Chronic Obstructive Pulmonary Disease (COPD), also known as chronic obstructive lung disease (COLD), and Chronic Obstructive Airway Disease (COAD), among others, is a type of obstructive lung disease characterized by chronically poor airflow. It typically worsens over time, with the main symptoms including shortness of breath, cough, and sputum production. The technology needed to diagnose and quantitative the individual small airway and emphysema phenotypes present in people with COPD is being developed, and should prove helpful in the assessment of therapeutic interventions designed to modify the progress of either phenotype. COPD remains frequent and costly disease representing one of the principal demands of the public health worldwide. Inhaled tobacco smoke and other noxious particles, such as occupational exposures and smoke from biomass fuels, are the most important exogenous factors that influence disease development and progression. The most important bacterial causes of exacerbations of COPD are nontypeable Haemophilus influenzae, Moraxella catarrhalis, Streptococcus pneumoniae and Chlamydia pneumonia. Despite being a treatable and preventable disease, the prevalence continues to rise because of the worldwide epidemic of smoking. It has systemic effects, and common co-morbid conditions such as cardiovascular disease, muscle wasting and osteoporosis may all be linked through a common systemic inflammatory cascade. Spirometry is essential for the diagnosis of COPD, but the criteria defining airflow limitation are not clear cut for elderly patients and could result in over-diagnosis.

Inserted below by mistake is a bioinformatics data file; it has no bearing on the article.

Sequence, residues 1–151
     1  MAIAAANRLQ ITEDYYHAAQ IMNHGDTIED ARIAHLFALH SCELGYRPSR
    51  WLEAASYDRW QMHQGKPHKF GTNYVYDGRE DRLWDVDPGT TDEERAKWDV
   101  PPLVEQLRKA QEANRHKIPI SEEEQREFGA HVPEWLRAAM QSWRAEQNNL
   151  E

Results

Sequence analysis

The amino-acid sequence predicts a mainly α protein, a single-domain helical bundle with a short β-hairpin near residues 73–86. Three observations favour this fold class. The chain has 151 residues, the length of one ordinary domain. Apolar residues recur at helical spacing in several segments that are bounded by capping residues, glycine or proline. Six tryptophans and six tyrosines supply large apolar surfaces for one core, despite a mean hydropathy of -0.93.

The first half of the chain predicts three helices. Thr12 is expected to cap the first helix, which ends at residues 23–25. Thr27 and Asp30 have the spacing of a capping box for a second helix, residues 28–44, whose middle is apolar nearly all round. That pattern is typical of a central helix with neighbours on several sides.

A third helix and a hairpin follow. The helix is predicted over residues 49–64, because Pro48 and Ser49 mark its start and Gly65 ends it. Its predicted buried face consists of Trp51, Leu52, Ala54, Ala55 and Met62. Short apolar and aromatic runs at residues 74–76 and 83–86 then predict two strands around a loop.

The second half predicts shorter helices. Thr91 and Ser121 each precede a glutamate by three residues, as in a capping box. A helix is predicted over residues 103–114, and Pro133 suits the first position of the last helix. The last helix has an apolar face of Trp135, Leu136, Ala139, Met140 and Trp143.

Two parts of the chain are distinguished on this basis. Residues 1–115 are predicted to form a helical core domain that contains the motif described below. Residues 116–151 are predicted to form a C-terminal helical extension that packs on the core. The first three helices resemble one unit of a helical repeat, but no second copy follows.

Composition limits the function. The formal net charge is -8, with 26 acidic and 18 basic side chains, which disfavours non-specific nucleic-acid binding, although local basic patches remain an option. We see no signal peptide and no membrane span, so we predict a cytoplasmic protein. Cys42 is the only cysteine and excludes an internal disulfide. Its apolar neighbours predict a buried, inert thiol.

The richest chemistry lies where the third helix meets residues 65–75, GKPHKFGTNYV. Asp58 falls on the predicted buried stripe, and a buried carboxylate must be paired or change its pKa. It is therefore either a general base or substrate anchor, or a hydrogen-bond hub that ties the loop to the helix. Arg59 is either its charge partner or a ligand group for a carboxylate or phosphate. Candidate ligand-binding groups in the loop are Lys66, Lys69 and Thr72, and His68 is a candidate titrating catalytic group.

The Study of Association between Helicobacter pylori (H. pylori) and Chronic Obstructive Pulmonary Disease (COPD): Dinesh Deerpaul and Sun Yun Hui
Journal of Pulmonary & Respiratory Medicine welcomes articles related to "COPD"
Last date updated on June, 2014